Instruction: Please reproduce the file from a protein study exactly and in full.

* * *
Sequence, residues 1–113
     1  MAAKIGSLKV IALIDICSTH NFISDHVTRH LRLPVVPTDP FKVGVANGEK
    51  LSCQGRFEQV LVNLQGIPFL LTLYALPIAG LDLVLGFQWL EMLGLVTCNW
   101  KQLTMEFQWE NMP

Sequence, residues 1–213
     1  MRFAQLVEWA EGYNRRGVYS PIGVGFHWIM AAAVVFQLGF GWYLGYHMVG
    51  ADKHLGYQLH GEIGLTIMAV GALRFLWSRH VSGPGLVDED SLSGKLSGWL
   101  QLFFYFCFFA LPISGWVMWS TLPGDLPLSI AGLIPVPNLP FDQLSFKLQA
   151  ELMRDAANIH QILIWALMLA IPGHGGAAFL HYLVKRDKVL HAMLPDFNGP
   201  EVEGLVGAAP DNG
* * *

Sequence, residues 1–113
     1  MAAKIGSLKV IALIDICSTH NFISDHVTRH LRLPVVPTDP FKVGVANGEK
    51  LSCQGRFEQV LVNLQGIPFL LTLYALPIAG LDLVLGFQWL EMLGLVTCNW
   101  KQLTMEFQWE NMP

Sequence, residues 1–213
     1  MRFAQLVEWA EGYNRRGVYS PIGVGFHWIM AAAVVFQLGF GWYLGYHMVG
    51  ADKHLGYQLH GEIGLTIMAV GALRFLWSRH VSGPGLVDED SLSGKLSGWL
   101  QLFFYFCFFA LPISGWVMWS TLPGDLPLSI AGLIPVPNLP FDQLSFKLQA
   151  ELMRDAANIH QILIWALMLA IPGHGGAAFL HYLVKRDKVL HAMLPDFNGP
   201  EVEGLVGAAP DNG